Van Wyk, Wiesie
Mrs. “Wiesie” Hester, Helena Louisa (de Lange) van Wyk (1913-2007) was born into the home of Mr. and Mrs. J. H. de Lange who were direct descendants of Commander Hans Dons de Lange, a scout for the Voortrekkers at the battle of Blood River in 1838. Lovingly known as “Aunt Wiesie,” she was born on the farm, Van Schalkwykrus, in the Bethal District, Mpumalanga. As a child she used to ride horses and loved to have races with them. She and her brother Attie went to school in a donkey cart. One day, on the way home from school, the tongue broke and she and her brother fell out. Books were scattered everywhere. Help arrived however and they reached home safely.
She married Harry van Wyk (1901- 1961) on July 17, 1934. He grew up in the Mafeking District, Northwest Region, near the town of Setlagoli and was a drilling inspector for the government.
Aunt Wiesie testifies:
The wonderful day when the Lord saved me was Sunday, October 31, 1944, at three o’clock in the afternoon. The Lord used Auntie Mattie Hattingh to be my spiritual mother. It was in Mrs. Rahn’s home, “Twin Palms” near Trichardtsdal, Northern Province. In a powerful way the Lord through the Holy Spirit brought me to the experience of being born again. Everything was new. It was as if I was really so new that I did not know myself. It was unforgettable and glorious! That was nearly fifty-two years ago and it continues to be fresh and wonderful.
It was in the home of Rev. I. E. and Mrs. Fannie Dayhoff at Lorraine Mission nearby that I first heard a message about sanctification. It was brought by Miss Dina van Vuuren. Sanctification is a wonderful life to live. ‘I have been crucified with Christ and I no longer live, but Christ lives in me. The life I live in the body, I live by faith in the Son of God, who loved me and gave himself for me’ (Galatians 2:20). For me life has become Christ, dead to the world! It was in this way, step by step, that the Lord drew me to higher heights in Christ Jesus.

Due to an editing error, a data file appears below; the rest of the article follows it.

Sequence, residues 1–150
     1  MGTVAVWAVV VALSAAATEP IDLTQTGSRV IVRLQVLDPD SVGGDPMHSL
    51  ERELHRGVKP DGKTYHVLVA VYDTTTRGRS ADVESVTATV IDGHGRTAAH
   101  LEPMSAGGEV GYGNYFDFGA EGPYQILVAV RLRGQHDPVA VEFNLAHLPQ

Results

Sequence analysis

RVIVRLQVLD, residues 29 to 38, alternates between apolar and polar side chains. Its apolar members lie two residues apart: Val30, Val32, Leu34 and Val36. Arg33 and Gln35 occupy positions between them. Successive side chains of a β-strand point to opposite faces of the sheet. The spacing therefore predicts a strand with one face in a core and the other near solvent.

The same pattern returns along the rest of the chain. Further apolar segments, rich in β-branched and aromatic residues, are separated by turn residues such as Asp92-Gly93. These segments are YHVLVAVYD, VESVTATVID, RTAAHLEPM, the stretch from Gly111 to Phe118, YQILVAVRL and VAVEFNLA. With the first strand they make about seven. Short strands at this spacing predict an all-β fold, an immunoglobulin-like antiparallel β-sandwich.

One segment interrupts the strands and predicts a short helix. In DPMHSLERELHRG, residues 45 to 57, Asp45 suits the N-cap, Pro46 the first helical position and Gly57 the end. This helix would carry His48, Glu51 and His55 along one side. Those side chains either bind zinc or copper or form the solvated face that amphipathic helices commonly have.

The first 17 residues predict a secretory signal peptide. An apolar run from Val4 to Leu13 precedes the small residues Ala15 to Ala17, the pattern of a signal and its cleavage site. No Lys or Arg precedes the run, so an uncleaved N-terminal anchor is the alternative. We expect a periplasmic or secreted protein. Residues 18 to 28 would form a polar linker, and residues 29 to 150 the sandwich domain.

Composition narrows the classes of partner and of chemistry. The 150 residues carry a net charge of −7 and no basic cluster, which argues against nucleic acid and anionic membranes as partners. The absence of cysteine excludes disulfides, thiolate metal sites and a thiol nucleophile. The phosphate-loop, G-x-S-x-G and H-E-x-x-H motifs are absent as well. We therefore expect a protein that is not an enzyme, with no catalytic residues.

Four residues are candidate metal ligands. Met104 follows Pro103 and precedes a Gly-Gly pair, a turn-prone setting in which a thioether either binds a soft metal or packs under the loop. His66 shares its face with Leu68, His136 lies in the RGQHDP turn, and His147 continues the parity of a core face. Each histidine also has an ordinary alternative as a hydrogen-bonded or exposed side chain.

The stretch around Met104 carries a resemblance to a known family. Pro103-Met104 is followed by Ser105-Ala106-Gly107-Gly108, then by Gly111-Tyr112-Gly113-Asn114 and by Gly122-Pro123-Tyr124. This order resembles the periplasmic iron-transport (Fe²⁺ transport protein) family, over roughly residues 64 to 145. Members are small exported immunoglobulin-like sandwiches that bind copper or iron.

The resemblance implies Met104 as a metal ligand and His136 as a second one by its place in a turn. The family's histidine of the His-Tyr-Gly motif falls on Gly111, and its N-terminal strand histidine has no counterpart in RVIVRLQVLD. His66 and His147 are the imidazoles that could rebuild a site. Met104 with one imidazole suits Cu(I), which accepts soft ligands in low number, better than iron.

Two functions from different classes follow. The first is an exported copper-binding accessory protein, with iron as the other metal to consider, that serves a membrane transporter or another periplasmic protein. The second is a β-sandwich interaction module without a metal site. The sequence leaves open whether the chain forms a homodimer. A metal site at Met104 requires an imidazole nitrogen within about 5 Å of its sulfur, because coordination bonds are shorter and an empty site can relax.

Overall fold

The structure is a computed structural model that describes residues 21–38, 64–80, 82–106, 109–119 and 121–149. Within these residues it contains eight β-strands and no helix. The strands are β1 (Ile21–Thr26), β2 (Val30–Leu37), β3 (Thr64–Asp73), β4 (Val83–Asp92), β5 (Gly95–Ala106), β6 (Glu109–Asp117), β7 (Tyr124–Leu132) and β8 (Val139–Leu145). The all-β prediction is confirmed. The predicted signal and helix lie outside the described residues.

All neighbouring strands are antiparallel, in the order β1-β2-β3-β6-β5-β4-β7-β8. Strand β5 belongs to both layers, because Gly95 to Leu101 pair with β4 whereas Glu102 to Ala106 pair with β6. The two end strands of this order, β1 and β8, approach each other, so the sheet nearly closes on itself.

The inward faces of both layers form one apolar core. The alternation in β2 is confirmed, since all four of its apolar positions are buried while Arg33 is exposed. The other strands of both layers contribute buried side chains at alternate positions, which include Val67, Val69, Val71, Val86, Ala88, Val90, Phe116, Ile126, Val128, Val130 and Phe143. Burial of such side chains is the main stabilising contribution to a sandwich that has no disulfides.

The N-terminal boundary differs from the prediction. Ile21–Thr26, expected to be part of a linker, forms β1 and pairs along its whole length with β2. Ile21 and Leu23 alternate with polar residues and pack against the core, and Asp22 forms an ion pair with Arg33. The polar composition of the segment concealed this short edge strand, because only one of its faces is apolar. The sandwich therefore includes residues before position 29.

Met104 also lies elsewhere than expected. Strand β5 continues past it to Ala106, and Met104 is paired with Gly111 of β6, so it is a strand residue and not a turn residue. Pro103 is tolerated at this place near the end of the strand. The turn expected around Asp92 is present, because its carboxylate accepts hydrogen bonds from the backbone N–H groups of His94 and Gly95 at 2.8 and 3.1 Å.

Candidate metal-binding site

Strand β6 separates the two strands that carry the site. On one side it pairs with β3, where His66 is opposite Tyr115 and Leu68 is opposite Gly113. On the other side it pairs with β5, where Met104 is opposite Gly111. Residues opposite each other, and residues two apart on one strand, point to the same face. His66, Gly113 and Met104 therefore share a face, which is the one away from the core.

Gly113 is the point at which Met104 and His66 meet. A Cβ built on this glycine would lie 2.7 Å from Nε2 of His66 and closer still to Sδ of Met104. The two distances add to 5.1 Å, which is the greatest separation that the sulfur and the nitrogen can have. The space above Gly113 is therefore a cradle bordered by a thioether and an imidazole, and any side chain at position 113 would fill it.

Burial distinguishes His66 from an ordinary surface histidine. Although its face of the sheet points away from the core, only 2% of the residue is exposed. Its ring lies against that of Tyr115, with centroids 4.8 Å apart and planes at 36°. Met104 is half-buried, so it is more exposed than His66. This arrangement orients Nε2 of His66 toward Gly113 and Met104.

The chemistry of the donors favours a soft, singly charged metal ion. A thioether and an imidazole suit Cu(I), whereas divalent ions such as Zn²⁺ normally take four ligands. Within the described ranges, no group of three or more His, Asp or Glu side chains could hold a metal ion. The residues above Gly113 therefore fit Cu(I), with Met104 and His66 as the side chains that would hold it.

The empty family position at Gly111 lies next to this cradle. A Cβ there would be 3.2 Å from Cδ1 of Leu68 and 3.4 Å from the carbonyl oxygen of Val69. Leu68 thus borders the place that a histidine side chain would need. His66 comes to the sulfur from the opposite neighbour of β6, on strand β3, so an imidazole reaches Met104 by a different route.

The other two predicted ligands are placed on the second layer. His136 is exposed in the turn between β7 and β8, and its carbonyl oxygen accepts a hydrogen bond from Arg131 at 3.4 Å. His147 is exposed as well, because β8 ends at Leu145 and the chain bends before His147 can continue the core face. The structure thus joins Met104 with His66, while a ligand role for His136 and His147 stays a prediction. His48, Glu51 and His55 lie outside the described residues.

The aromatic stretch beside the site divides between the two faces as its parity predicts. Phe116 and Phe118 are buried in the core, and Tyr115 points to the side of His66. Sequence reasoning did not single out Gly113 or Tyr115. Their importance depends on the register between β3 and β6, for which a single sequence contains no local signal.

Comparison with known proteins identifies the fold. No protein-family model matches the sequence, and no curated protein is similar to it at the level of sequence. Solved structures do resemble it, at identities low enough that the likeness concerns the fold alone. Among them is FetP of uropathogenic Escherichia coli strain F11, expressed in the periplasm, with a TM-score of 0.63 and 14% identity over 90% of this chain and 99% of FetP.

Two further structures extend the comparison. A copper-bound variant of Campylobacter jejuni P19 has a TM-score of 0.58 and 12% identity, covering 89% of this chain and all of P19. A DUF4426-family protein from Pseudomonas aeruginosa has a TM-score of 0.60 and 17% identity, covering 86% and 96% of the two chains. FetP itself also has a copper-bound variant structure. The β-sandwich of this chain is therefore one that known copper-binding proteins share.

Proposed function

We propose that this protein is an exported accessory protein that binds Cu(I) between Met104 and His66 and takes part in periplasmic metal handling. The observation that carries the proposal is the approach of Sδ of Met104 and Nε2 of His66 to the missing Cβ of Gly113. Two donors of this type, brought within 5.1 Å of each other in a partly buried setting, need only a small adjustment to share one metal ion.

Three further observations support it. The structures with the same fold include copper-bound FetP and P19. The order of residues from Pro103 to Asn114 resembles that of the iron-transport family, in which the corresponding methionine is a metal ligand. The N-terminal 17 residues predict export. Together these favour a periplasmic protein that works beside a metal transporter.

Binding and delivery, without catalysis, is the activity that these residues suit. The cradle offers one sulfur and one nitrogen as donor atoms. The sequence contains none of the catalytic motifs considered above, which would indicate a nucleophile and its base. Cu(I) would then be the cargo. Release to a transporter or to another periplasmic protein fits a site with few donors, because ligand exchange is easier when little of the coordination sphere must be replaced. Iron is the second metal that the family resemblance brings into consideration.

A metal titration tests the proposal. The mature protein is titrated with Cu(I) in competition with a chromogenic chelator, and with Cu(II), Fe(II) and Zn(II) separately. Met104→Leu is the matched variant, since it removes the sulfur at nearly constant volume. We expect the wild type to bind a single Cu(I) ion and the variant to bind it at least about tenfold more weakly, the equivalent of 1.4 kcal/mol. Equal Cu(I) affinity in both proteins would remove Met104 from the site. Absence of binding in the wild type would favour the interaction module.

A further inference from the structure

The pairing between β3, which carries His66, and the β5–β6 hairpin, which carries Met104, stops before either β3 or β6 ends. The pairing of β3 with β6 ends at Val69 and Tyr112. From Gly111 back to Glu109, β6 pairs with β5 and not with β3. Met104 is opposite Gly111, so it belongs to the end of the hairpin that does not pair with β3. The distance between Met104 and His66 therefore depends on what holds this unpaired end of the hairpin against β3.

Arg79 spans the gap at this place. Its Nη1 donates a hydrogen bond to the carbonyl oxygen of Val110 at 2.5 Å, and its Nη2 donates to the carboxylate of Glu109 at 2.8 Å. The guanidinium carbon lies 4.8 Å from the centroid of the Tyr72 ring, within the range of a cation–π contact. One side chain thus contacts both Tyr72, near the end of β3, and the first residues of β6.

Once in 1940 when they lived at Molopo in the Vryburg District, on the border of Botswana, they were visited by a hyena. Searching for meat, it was about to enter their bedroom and her husband was asleep. Aunt Wiesie grabbed the gun and fired a few shots. The hyena gave a couple of yelps and ran off into the bush. The family felt that the Lord had protected them.
While living near Acornhoek, Northern Province, she met Rev. Reg and Mrs. Lillian Jones and other missionaries. The van Wyks had Christmas dinner one year at the mission. They were joined by Rev. David and Mrs. Maud Jones, Rev. Elmer and Mrs. Mary Schmelzenbach, Miss Tabitha Evans, Nurse Boland and Miss Doris Brown. Just as they were ready to eat, Lilly Jones was called away to treat an emergency patient that had just been brought in. A girl had been gored in the stomach by a cow. Aunt Wiesie was pleased when they asked her to return thanks in Afrikaans. In 1996, she wrote, “it was such an inspiration that I still remember it with appreciation and thank the Lord for the experience. We sang together. There was a wonderful atmosphere and the presence of the Lord Jesus was evident. Everyone was happy and all without any alcoholic liquor. The Lord did great things for us at Acornhoek.”